Tuesday, 21 February 2017

Shock, horror: green ants are all the rage in artisan gins!

There is nothing like a bit of controversy to spark some publicity - and I'm biting.

When I get a press release telling me that green ants are all the rage in gins, I raise a very suspicious eyebrow.

My guess is that most people might be interested in trying an ant-infused gin once only, and I'm going to be an old killjoy and point out that something made in quantity of 300 bottles is far from being "all the rage".

What is true is that green ants are being used as botanicals in two Australian craft gins.

Two distilleries in the Adelaide Hills region of South Australia have this month released gins made with green ants, a traditional indigenous food eaten for thousands of years by Australian Aborigines for their high protein and medicinal benefits.

The gins also use a range of other native botanicals to provide a fresh Australian interpretation of a London Dry Gin.

Applewood Distillery released its Green Ant Gin on Valentine’s Day, while Something Wild Beverages launched its Australian Green Ant Gin today.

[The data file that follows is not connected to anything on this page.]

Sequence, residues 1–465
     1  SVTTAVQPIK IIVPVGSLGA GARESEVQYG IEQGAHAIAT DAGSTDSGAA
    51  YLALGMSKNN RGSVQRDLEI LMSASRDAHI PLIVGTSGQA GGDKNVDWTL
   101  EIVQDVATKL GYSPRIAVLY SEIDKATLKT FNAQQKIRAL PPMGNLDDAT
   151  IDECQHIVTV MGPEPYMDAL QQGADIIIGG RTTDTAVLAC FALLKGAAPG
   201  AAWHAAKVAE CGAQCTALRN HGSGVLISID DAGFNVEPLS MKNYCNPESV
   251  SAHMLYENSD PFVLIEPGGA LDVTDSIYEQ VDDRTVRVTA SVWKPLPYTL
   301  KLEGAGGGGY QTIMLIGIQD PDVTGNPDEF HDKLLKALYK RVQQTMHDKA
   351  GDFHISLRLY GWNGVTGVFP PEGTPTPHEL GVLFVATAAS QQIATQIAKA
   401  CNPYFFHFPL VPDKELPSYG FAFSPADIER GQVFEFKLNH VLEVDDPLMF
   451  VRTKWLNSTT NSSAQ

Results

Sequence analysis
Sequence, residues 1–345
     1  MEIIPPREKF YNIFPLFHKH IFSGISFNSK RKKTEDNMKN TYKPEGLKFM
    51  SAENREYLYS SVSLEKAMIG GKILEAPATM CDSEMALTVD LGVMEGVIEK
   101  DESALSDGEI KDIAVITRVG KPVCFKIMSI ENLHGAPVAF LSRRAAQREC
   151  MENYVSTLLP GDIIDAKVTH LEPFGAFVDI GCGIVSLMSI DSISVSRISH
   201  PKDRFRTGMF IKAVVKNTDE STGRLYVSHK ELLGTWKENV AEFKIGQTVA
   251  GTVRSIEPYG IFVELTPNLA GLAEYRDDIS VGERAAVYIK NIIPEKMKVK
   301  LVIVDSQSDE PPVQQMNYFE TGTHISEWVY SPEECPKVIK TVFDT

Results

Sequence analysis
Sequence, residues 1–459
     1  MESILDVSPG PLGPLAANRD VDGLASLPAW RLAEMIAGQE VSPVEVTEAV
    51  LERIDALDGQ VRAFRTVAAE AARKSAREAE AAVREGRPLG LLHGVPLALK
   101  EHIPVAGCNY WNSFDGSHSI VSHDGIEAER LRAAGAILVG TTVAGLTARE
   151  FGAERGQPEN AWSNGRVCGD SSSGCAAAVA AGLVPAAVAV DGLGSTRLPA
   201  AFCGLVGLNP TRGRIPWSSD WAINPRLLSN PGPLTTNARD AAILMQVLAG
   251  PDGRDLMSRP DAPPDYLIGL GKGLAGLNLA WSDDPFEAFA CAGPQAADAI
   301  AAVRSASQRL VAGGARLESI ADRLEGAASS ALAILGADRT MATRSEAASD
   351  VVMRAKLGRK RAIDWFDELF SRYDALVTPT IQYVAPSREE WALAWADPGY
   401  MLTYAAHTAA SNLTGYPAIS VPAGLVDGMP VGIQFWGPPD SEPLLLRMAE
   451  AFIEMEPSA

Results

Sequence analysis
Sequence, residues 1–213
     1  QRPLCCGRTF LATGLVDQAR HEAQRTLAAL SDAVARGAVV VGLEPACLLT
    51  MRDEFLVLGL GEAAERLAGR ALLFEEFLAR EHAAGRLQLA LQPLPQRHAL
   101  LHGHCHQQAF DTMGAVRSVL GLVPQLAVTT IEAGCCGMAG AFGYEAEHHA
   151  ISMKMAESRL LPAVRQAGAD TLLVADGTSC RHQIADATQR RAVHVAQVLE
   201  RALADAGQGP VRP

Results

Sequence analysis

Adelaide Hills Distillery is making the gin under contract for newly-formed Something Wild Beverages, a division of native food company Something Wild, which specialises in sustainably sourced indigenous foods such as kangaroo, wallaby, magpie goose, native herbs and fruits.

Adelaide Hills Distillery founder and head distiller Sacha La Forgia said it took him several months to be persuaded to eat green ants and allow them to be put in his still.

“But once I did it was like an incredible flavour explosion in my mouth of lime and coriander flavours as well as a fresh acidic zing,” he said.

“It was just beautiful and I thought straight away ‘wow, they exist to be in gin’.”

A "pinch" of green ants, which are sourced under permit from the Northern Territory, are also put into the bottles in the same way worms are used in tequila to provide the finishing touch.